Marriott International (MAR) is buying Starwood Hotels (HOT) to create the largest lodging group in the world. Marriott is paying $2 per cash, plus 0.92 shares per Starwood share, valuing the transaction at $72 per share (The share price that Marriott uses is based on a 20-day average, not Friday night’s closing price.). Starwood is also spinning off its time share business to Interval Leisure, which is worth another $7-8 per share. In total, Starwood shareholders will be receiving approximately $79-80 per share, a slight premium to Friday night’s closing price. That price will vary, however, as the MAR currency moves (and, at least given today’s move, investors are disappointed that the price wasn’t higher).
Oh, No, Here we Go…
With the transaction having been announced last night, we know nothing about the details as it pertains to the loyalty programs. Here are the pieces that are going to make a difference.
The Marriott-Starwood conbination surprised me, since I thought that there were better fits for the latter. Starwood is very strong in the Upper Upscale hotel segment, which includes Sheraton and Westin. It also has some scale in Luxury, with the W and St. Regis (based on Smith Travel Research categorization, which is the industry standard). It is weaker, however, in the lower categories. It is growing Four Points, aloft, etc., but it really has nothing underneath the Upscale brands. The company that would have added the most value by acquiring Starwood would not have been the rumored Hyatt (or “Chinese companies”), but rather, InterContinental, which only has a light presence in the top brands but offers depth in the Upper Midscale and Midscale brands with its Holiday Inn and Candlewood properties. For travelers who like to stay at the less expensive brands when traveling personally, but use the corporate credit card to pay for their business travel, ICH and Starwood would have been the perfect combination. In other words, I can see what Marriott brings to Starwood, but it is less clear what Starwood brings to Marriott. Westin is a great brand, but long-timer underperformer Sheraton dwarfs it in impact. Like asset-light Marriott, Sheratons are typically owned and operated by franchisees, but quality control has clearly been an issue.
In general, the acquiring brand is the one whose program survives. But I’m less worried about the name of the brand and more worried about the value.
Most people are familiar with the earnings structures of the two companies, but for those who aren’t, here’s a quick refresher. At Marriott brands, you will earn ten Marriott Rewards (MR) points per dollar spent (i.e., a $100 night will earn 1,000 points). There are a few exceptions, namely, the Residence Inn and TownePlace Suites, which offer five points per dollar but, for the sake of this exercise, we are going to stick to ten. At Starwood properties, you earn two Starwood Preferred Guest (SPG) points per dollar spent (i.e., that $100 night will earn 200 points). So Marriott points are worth 5X as much as Starwood, right? Not so fast, because it also costs more to redeem at Marriott, with the midpoint of Marriott redemptions costing 20,000-25,000 points, and Starwood at 10,000. There’s no way to get an exact penny translation of how much a point is worth, and we could argue all day about their relative values, but I tend to vary MR at 0.7c-0.8c per point, and SPG at 2.1c-2.3c per point. For the sake of argument, I’m going to assume that one SPG point is worth 3X a MR point, since the categories aren’t exactly comparable.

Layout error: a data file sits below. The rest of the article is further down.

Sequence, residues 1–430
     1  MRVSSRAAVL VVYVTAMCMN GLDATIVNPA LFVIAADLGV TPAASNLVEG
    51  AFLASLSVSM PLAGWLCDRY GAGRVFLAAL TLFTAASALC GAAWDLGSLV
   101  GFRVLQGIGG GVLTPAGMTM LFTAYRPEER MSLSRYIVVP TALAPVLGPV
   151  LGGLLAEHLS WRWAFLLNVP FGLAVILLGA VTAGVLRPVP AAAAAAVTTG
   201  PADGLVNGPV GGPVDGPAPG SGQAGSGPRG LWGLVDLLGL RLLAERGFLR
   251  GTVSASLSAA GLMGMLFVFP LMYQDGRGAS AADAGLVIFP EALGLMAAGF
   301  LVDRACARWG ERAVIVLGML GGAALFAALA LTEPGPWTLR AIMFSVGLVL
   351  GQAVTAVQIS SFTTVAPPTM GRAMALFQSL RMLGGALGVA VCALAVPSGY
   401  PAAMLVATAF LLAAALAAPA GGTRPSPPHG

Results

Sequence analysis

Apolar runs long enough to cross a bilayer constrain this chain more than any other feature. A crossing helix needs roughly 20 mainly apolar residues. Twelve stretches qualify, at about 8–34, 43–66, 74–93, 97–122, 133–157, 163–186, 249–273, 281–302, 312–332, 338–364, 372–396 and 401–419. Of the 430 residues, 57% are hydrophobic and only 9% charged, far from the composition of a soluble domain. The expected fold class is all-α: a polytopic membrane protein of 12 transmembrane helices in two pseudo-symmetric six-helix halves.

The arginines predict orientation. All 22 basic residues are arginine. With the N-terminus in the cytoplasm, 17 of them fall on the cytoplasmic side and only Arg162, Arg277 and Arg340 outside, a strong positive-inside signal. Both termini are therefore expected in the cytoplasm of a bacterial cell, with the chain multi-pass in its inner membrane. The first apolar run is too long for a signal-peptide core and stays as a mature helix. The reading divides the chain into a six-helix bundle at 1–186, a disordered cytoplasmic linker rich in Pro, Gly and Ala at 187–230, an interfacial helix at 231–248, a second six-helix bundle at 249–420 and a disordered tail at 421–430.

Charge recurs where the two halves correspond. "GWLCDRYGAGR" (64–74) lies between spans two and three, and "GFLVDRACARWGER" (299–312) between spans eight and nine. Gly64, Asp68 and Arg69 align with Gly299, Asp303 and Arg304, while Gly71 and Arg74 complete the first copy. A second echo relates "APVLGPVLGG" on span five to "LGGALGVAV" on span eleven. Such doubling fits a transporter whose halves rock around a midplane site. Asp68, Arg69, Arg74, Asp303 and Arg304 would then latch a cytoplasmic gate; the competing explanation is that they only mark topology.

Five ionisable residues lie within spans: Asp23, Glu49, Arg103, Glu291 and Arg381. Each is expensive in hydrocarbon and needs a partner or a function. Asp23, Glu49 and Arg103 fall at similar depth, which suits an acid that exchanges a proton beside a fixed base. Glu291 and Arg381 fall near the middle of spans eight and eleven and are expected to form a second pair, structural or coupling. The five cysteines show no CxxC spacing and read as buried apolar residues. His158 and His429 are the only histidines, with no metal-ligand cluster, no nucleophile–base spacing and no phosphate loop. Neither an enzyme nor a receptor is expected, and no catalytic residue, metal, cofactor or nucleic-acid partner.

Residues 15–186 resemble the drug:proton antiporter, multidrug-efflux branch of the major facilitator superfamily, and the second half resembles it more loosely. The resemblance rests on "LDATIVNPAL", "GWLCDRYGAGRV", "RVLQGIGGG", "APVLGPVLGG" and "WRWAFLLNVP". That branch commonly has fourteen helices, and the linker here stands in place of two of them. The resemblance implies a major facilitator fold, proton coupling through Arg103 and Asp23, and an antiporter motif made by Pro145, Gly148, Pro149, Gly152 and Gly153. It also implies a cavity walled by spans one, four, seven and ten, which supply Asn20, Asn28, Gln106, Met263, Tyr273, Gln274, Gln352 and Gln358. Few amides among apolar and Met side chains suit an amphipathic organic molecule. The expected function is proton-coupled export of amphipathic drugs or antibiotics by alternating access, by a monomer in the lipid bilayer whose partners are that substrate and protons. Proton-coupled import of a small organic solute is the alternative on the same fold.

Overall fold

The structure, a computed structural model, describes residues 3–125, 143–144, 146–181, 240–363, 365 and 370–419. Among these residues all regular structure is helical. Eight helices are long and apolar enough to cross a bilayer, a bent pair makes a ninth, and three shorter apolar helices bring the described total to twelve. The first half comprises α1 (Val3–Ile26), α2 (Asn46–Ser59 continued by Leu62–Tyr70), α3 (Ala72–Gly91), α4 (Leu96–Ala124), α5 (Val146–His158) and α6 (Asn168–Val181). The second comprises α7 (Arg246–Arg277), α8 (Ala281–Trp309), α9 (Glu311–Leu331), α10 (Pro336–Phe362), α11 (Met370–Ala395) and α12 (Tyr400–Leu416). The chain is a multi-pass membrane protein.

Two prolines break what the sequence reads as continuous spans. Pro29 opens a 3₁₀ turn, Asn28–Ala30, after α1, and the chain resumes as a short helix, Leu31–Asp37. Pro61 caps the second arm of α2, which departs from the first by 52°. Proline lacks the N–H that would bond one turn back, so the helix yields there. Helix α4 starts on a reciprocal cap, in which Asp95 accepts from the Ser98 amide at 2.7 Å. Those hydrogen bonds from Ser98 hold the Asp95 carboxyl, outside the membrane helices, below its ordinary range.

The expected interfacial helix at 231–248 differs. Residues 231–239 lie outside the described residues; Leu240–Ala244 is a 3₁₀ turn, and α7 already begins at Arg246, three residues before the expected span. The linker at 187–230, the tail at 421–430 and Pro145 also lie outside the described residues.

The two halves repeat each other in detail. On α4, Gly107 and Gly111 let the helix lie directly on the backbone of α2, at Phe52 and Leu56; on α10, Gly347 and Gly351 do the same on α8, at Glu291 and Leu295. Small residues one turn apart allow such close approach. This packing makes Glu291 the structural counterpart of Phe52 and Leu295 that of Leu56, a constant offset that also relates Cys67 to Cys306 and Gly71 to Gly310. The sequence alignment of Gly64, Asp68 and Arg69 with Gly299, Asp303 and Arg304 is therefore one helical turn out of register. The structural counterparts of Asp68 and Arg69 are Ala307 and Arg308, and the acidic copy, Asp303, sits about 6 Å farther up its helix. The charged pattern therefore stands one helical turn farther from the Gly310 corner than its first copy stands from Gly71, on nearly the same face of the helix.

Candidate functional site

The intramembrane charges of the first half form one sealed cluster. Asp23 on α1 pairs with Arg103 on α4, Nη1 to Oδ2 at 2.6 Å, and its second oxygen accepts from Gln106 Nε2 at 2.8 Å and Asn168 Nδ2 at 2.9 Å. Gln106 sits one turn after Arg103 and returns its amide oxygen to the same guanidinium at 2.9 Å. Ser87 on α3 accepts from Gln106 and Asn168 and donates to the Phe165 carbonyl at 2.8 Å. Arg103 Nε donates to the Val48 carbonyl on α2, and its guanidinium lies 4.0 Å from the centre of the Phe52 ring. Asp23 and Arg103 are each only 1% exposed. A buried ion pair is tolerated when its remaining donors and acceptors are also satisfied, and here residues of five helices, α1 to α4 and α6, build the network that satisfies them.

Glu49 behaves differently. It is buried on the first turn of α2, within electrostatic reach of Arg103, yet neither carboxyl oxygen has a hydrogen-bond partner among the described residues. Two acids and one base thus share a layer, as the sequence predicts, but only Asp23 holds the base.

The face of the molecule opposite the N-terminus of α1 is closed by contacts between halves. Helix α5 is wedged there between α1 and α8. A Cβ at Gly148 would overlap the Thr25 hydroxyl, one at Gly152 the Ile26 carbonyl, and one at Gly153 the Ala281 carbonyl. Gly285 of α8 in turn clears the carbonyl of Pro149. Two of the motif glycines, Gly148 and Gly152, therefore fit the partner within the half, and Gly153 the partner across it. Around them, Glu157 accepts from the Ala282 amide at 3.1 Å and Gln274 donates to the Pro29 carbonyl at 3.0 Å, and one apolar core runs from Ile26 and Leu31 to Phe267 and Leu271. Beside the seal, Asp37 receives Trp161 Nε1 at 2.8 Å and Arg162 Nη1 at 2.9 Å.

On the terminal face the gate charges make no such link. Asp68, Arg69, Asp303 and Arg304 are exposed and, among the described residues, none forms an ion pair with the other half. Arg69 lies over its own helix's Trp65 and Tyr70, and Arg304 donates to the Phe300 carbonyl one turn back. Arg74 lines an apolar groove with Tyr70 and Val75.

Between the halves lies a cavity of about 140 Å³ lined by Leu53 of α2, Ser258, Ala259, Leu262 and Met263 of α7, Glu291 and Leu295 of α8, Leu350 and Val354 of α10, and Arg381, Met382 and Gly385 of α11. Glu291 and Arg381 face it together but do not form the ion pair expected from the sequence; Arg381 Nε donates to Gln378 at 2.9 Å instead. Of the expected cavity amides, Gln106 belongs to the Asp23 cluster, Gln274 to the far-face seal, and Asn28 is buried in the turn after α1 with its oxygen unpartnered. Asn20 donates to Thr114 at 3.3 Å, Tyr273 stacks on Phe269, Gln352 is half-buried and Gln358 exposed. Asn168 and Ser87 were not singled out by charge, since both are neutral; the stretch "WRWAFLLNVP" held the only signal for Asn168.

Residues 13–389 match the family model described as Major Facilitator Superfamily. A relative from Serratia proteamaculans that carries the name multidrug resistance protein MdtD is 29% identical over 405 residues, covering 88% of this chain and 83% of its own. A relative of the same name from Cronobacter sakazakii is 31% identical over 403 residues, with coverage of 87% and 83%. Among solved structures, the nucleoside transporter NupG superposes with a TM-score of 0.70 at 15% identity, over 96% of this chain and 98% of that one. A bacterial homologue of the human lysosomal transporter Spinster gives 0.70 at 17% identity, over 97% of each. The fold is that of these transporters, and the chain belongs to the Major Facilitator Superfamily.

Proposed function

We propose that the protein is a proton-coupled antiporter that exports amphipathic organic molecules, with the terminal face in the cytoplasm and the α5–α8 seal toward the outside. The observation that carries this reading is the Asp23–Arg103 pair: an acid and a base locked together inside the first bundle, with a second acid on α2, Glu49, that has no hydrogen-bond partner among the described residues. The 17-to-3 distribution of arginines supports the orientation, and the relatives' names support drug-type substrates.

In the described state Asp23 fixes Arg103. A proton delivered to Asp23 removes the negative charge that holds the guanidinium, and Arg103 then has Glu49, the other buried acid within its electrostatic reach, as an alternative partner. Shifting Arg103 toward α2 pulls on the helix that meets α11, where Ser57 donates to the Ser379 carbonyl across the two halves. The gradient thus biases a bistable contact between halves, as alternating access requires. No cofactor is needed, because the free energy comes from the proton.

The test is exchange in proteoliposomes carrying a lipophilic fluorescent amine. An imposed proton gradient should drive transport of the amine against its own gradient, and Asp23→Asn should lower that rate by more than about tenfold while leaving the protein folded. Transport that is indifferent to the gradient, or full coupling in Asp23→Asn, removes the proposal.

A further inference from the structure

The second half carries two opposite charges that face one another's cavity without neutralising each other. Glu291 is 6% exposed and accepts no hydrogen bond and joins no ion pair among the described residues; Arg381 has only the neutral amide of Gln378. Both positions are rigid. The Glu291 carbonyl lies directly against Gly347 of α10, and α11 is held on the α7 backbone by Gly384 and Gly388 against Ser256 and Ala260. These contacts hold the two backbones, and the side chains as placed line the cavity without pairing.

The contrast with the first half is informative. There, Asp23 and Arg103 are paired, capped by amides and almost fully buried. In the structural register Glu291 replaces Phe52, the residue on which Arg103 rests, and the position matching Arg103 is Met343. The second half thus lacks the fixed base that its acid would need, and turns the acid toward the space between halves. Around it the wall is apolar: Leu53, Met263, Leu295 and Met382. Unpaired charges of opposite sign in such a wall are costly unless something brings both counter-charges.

The question is, how will Marriott value a SPG point. In theory, there’s nothing to stop them from instituting a 1-1 translation. I don’t think that they will do this, though. Unlike miles, which consumers tend to value equally, hotel points are an area where consumers understand that the math is different at each company. It is very, very early in the process, but if I had to guess, I would estimate that MR will offer two points per SPG points. Again, that is only a guess based on my perception of the program values. I would also expect the award charts to stay the same, for now. There’s plenty of time to deflate the value of the points.
The Credit Cards
Chase, the issuer of the Marriott Rewards credit cards, has the inside track as the “surviving” entity. It also has programs at Intercontinental and Hyatt, while American Express offers cards for Starwood and Hilton. And there’s certainly no reason why the two couldn’t co-exist for a period of time. Eventually, though, when the current contract expires, Marriott will have to make a decision and will play them off against each other to get the best economics. In the Costco deal, American Express showed that it is willing to walk away from a card that is not profitable, but the company is aware that if it doesn’t pay up, as it did in the Delta transaction, it won’t have any partners left. In the end, I believe that Chase will remain the dominant entity.